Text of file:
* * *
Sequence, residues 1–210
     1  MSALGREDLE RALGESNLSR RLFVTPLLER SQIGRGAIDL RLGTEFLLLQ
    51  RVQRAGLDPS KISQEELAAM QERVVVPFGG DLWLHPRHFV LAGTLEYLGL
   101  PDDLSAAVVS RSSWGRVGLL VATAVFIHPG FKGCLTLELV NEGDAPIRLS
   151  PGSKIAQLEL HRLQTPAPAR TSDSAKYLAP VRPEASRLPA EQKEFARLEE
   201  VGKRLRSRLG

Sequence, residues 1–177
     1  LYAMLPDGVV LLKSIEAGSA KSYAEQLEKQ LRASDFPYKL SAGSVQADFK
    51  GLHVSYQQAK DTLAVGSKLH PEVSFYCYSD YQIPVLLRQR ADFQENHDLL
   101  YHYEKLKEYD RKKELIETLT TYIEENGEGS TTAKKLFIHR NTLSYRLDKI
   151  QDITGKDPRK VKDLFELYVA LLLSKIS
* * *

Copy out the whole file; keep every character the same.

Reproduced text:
Sequence, residues 1–210
     1  MSALGREDLE RALGESNLSR RLFVTPLLER SQIGRGAIDL RLGTEFLLLQ
    51  RVQRAGLDPS KISQEELAAM QERVVVPFGG DLWLHPRHFV LAGTLEYLGL
   101  PDDLSAAVVS RSSWGRVGLL VATAVFIHPG FKGCLTLELV NEGDAPIRLS
   151  PGSKIAQLEL HRLQTPAPAR TSDSAKYLAP VRPEASRLPA EQKEFARLEE
   201  VGKRLRSRLG

Sequence, residues 1–177
     1  LYAMLPDGVV LLKSIEAGSA KSYAEQLEKQ LRASDFPYKL SAGSVQADFK
    51  GLHVSYQQAK DTLAVGSKLH PEVSFYCYSD YQIPVLLRQR ADFQENHDLL
   101  YHYEKLKEYD RKKELIETLT TYIEENGEGS TTAKKLFIHR NTLSYRLDKI
   151  QDITGKDPRK VKDLFELYVA LLLSKIS